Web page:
Artist EAT&ART TARO and Yagyug Douguten Collaborate on Sweet Shop in Historic Nara

A gentle light streams into the space, highlighting the stones that are then exchanged for sweets. Photography by Natsumi Kinugasa / Nara City Art Project Executive Committee.

"To understand Nara is to trace back the memories of stones,” artist EAT&ART TARO says about the ancient Japanese capital that’s filled with preserved temples and kamiishi shrines made from rock. Each stone used in these man-made creations, TARO explains, “carries the histories, memories, and values that are found in Nara.” Working with the medium of food, the artist created pastries that resemble local stones for The Stone Confectionary Shop, situated in a former tea house. As its name suggests, the shop enables customers to exchange stones filled with their own memories for treats.

For the interior, TARO collaborated closely with architect Yagyug Douguten and his team who converted a traditional teahouse located on the historic pathway towards the Kasuga Taisha shrine into a space that could support an intricate visual display. Nearly 90 wooden disks, supported by a kukumi framework, create a balanced yet mazelike structure where guests can sit and enjoy their sweets while catching a glimpse of other customers’ special rocks on display.  “We hope that people will find history and value in something as familiar as a stone on the side of the road, and find hope in it,” design team member Fumitaka Suzuki sums up.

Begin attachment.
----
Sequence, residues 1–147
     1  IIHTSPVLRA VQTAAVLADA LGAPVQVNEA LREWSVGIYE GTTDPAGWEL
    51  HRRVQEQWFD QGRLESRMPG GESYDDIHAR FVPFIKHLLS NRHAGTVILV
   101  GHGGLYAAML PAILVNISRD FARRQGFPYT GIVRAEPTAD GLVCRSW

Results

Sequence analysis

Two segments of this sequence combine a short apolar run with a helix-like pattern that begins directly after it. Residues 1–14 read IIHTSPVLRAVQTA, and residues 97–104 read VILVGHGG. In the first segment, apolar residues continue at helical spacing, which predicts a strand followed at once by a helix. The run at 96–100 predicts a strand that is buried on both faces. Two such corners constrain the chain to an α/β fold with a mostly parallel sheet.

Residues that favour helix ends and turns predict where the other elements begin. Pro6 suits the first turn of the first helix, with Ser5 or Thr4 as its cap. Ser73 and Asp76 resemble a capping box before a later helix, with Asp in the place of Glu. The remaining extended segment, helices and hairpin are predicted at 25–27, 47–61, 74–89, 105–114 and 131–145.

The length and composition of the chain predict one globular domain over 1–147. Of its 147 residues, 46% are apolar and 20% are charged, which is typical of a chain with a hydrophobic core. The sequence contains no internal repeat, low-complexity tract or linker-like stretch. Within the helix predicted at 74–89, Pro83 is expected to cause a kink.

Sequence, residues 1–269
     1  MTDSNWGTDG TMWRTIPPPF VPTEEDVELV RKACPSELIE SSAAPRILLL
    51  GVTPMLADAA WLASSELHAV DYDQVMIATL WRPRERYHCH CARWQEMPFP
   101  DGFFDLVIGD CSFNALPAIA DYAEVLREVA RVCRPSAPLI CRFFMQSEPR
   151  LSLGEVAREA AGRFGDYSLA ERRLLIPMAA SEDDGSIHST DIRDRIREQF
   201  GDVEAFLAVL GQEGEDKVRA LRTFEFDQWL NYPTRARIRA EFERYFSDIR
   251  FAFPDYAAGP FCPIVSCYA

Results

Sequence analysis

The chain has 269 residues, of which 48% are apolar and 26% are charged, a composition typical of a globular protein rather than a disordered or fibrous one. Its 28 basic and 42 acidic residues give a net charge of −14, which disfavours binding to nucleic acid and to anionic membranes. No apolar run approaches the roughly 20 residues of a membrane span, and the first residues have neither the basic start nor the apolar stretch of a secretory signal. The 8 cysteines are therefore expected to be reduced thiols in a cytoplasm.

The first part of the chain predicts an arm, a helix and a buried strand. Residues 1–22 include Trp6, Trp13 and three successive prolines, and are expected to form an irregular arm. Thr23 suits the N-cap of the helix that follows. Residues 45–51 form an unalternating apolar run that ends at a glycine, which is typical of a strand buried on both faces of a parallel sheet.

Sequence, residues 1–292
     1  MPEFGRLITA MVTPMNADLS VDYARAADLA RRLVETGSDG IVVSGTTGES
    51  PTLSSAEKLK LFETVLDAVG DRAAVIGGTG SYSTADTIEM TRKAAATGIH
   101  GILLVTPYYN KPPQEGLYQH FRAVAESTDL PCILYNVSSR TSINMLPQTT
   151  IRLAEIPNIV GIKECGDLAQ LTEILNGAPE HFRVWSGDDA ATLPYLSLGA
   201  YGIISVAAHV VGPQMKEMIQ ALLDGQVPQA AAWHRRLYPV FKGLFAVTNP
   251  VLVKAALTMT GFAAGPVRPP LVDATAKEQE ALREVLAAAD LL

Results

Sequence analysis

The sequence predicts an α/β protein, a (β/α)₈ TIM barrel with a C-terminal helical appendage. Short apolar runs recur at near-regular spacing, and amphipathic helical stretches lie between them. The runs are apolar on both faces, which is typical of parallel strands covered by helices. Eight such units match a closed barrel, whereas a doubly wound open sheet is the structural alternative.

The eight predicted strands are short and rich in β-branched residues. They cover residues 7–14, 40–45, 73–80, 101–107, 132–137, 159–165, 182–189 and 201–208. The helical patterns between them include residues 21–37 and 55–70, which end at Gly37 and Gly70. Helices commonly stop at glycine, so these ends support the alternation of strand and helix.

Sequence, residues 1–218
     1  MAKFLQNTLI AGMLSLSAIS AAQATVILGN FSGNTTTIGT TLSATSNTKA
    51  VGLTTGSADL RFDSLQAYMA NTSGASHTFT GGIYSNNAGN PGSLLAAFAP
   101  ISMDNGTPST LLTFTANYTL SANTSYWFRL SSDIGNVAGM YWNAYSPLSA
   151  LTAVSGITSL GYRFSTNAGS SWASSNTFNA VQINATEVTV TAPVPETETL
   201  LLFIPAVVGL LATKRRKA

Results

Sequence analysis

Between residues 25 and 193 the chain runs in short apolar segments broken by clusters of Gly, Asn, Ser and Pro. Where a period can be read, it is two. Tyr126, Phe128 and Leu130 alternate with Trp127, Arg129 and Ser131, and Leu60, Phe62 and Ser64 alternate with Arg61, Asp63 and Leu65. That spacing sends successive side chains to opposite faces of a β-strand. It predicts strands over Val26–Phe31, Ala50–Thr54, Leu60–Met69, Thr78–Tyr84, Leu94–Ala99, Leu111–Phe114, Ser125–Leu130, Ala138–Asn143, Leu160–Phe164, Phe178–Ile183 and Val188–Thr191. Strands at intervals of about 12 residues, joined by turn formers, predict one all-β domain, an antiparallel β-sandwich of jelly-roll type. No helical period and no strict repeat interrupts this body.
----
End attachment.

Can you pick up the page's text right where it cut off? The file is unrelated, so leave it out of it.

Customers can exchange the stones they bring in for sweets through the  circular cutouts in the tatami room. Photography by Natsumi Kinugasa / Nara City Art Project Executive Committee.
“This restaurant was held as an art project by the government to bring cultural promotion to the citizens,” Suzuki says, explaining how the project “creates an opportunity to question the value of various things through the experience of mysterious ‘food’.” Photography by Natsumi Kinugasa / Nara City Art Project Executive Committee.
The 88 wooden disks were repurposed from discarded and reused wood. Photography by Natsumi Kinugasa / Nara City Art Project Executive Committee.
TARO sees stones as sweets, viewing memories tied to each one as a means of understanding the histories and values of those in Nara. Photography by Natsumi Kinugasa / Nara City Art Project Executive Committee.
The exterior of the former teahouse. Photography by Natsumi Kinugasa / Nara City Art Project Executive Committee.



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